Here at Great Freedom Adventures, we’d say a gravel grinder is freedom on two wheels. We concede though that some might classify the more insane rides out there as hell on wheels. We recently launched a new (sane) Gravel Grinder Bike Tour. It’s a tour through Vermont and New Hampshire like we’ve never done before and we are pretty excited about it! While we are quickly taking to the fastest growing segment in cycling, it’s still relatively new and perhaps unknown to most. So really, what exactly is a gravel grinder?
A gravel grinder is a bike race, ride or tour that usually combines riding on a variety of surfaces such as asphalt, gravel, hard-packed dirt, rocky terrain and possibly even single track. You could say gravel grinders are a bridge between mountain biking and road biking. And depending on the route and the rider, it might be a serene spin on scenic dirt roads or a heart rate redlining climb followed by a brake smoking descent.
How Gravel Grinders Differ
Great Freedom Adventures offers a number of tours that take riders through Vermont and New Hampshire. GFA’s Gravel Grinder Bike Tour (and gravel grinders in general) allow the rider to explore new places they might otherwise not see when sticking to the pavement. Riding backcountry roads gets you off the beaten path and puts you right in the middle of nature. The Rivers and Ridgelines Vermont Gravel Grinder Bike Tour takes adventuresome cyclists into the untraveled countryside for a rare experience. Biking these ancient dirt roads allows riders to experience the real Vermont and New Hampshire in a way that is totally immersive and invigorating. This is an experience only a gravel grinder bike tour could give!
Gravel Bikes & Gear
GFA’s Gravel Grinder Bike Tour encompasses mostly smooth dirt roads along with stretches of paved roads. But given that it’s primarily in the Green Mountain State, it does include a number of hills that are sure to improve climbing skills. Because gravel grinders are often more intense than road rides, it’s important to be properly equipped. Gravel specific bikes are sort of a combination of road bikes and cyclocross bikes and they’re great on the kind of mixed bag of terrain found on gravel grinders. In general, the head tube is taller and the geometry more relaxed than on a racing bike and the bottom bracket is lower than on a cross bike. And the wheelbase is longer – more like a touring bike. Disk brakes are the standard.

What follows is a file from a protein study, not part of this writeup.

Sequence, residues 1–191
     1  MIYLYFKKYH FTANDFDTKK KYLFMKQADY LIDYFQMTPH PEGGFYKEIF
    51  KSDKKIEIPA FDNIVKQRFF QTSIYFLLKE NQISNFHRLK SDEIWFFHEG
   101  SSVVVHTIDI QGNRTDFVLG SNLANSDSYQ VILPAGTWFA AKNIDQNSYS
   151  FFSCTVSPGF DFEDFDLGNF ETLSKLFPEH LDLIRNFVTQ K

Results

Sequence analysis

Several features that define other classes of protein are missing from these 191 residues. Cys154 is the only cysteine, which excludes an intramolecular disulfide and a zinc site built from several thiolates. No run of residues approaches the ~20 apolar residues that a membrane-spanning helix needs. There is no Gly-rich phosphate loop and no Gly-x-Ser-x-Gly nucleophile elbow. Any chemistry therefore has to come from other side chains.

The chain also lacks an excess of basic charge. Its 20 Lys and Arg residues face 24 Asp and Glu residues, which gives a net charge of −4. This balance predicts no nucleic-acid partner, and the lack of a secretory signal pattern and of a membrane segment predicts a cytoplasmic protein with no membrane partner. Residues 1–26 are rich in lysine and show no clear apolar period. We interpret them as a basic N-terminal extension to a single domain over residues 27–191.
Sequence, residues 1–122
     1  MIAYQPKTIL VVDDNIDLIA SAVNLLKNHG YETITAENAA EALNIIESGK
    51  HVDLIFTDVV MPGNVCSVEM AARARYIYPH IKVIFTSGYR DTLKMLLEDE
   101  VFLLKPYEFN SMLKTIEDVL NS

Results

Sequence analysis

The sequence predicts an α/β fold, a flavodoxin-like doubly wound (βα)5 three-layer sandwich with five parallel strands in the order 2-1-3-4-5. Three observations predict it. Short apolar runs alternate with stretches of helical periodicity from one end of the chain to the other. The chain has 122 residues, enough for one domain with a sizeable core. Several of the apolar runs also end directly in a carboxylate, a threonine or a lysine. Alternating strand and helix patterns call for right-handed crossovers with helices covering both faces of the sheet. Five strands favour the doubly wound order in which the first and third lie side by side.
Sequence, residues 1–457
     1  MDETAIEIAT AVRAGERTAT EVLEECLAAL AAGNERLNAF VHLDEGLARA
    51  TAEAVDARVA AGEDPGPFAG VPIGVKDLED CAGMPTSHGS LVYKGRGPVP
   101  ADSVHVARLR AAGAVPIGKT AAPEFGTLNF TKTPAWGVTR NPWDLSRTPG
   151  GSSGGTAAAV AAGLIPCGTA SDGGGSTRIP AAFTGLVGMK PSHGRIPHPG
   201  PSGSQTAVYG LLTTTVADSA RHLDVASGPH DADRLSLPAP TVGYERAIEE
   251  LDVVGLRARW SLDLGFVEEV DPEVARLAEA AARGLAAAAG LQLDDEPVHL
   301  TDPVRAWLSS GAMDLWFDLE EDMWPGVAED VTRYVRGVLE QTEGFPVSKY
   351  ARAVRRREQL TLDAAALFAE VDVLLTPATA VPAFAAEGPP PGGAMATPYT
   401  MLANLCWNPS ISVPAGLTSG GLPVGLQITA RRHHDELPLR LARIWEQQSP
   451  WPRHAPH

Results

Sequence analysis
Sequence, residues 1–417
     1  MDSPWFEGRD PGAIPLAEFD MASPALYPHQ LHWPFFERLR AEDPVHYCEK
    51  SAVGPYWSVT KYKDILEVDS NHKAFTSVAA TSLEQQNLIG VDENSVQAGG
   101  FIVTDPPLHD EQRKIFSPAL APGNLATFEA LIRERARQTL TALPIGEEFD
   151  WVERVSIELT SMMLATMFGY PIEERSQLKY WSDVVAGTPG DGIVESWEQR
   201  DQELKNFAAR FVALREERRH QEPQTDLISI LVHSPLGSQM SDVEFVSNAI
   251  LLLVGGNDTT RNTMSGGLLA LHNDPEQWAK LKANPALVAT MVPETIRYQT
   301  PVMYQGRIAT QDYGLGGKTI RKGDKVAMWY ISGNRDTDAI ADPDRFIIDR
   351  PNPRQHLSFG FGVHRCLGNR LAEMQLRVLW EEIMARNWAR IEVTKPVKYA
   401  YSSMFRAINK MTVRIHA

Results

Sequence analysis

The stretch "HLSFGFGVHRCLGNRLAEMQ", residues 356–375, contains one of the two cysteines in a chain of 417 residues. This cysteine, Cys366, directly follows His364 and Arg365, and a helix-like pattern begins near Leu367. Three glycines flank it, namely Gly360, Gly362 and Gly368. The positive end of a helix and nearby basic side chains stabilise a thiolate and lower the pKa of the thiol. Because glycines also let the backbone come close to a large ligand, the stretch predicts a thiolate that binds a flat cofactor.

But with some modifications, the bike you already own may work as well. Swap out skinny road tires for beefier ones – 28c+ are good in most cases. Unless you have a race bike, you probably have enough clearance for a 28c tire. And many newer race bikes do accommodate a 28c. Disk brakes are best but if you aren’t riding crazy steep downhills, wet surfaces or loaded with gear, your well-maintained existing brakes will suffice. And of course, your gearing should be low enough to tackle the hills on your ride.
Besides having the right bike set-up, you’ll want to make sure you are prepared for backcountry riding. Carry one or two waterbottles on the bike or a lightweight pack filled with adequate water and snacks. When it comes to clothing, layers are key. Due to changes in conditions, a rider can quickly go from chilly to warm and back again. The temperature and how hard your body is working can change just as quickly as the terrain on a gravel grinder.
Fortunately, riders on Great Freedom Adventures Gravel Grinder Bike Tour don’t have to worry too much. Vehicle support means that extra water, snacks and gear are nearby. And having a guide cycling with riders means that interesting area info plus gravel riding technique tips are just an ask away. Whether you are a seasoned gravel grinder or trying out cycling’s hottest thing for the first time, the Rivers and Ridgelines Vermont Gravel Grinder will get you stoked!
Head Honcho of Communications, Great Freedom Adventures